When your axe arrives, behold the beauty of its deadly design.  Gently caress the finely tapered blade as you contemplate the victory of iron will over insidious materialism.  Finally, savor the moment as you slowly lift it to the sky, then bury its head into the screen, again and again.  And again.  And again, until all but scars in the wall remain.

Rejoice, as your life has finally turned toward the light.

Those who have walked the straight and narrow face and even larger task.  You the redeemers must use your axe to liberate the minds of your friends and family.  Leave no screen untouched as you wage a crusade of violence against their diabolical technology.  Eventually they will thank you, even if you have to liberate several televisions in the process.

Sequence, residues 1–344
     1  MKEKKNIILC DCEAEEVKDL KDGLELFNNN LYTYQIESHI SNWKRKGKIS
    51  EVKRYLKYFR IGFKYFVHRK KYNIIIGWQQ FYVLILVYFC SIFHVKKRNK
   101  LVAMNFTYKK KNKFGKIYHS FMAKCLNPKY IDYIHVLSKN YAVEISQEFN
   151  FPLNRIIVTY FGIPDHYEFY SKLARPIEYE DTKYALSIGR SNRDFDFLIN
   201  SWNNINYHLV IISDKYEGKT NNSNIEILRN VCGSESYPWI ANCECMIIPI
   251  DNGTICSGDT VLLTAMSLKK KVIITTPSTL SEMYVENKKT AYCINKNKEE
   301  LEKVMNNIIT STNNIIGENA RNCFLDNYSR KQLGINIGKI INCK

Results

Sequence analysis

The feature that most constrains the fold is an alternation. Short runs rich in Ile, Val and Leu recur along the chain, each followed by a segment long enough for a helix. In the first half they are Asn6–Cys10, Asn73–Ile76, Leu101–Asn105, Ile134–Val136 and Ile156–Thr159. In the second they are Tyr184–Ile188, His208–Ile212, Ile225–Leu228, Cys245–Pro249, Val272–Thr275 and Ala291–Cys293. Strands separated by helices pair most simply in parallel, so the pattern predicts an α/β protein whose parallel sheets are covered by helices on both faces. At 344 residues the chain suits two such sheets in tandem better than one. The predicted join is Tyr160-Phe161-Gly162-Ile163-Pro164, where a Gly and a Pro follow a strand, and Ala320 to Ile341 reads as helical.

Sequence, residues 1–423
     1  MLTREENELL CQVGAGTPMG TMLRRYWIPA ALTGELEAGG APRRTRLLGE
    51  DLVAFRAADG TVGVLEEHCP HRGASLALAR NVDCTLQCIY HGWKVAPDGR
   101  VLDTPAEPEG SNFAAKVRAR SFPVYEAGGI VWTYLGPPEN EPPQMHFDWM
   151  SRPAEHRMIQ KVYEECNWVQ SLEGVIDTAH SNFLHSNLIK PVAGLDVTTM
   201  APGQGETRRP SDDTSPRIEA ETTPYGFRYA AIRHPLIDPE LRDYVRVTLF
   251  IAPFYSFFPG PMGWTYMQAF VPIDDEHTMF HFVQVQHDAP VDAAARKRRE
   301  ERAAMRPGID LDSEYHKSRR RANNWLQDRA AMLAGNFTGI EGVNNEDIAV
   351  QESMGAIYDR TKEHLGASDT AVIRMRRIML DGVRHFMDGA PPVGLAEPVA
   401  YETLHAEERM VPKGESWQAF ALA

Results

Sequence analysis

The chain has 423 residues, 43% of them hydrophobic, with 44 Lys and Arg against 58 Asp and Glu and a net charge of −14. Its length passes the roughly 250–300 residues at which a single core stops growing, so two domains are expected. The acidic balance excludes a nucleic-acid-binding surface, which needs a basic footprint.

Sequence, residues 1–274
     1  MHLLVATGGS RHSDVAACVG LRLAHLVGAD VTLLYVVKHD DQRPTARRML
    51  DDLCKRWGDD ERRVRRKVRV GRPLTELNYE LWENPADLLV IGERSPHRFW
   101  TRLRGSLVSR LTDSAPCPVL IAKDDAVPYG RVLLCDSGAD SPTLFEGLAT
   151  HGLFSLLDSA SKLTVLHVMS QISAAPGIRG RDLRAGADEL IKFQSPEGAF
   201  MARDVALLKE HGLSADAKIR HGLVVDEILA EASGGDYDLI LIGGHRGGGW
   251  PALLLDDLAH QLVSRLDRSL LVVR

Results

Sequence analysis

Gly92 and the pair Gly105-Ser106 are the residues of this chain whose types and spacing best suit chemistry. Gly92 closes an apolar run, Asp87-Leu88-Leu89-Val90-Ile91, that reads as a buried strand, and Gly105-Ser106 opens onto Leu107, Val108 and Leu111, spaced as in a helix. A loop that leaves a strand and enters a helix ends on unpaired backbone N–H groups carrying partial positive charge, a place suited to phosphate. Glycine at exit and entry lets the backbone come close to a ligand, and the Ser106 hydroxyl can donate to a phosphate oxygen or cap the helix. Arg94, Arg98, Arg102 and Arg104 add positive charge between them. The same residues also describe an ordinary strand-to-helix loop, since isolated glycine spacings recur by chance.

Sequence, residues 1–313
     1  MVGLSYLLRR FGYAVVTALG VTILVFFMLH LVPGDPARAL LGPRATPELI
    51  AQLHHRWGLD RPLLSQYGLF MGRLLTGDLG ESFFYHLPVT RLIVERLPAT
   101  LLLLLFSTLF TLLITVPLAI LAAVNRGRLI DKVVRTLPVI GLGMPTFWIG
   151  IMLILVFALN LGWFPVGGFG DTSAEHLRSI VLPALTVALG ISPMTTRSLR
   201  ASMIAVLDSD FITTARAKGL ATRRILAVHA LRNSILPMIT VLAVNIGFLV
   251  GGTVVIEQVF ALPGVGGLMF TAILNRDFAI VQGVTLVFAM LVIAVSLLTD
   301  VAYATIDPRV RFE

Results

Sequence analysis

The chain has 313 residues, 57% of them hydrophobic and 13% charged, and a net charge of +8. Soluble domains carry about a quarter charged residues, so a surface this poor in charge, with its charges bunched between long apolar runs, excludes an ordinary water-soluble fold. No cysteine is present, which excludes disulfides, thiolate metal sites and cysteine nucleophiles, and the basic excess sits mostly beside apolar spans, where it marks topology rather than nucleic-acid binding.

The destruction of a television is the death of materialism and the triumph of the mind, represented with one graceful swing of the blade.  The revolution is here now, waiting for you to join.  All you need is an axe.

3 thoughts on “The Axe: A Perfect Minimalist Tool”

Leave a Reply

Fill in your details below or click an icon to log in:

WordPress.com Logo

You are commenting using your WordPress.com account. Log Out / Change )

Twitter picture

You are commenting using your Twitter account. Log Out / Change )

Facebook photo

You are commenting using your Facebook account. Log Out / Change )

Google+ photo

You are commenting using your Google+ account. Log Out / Change )

Connecting to %s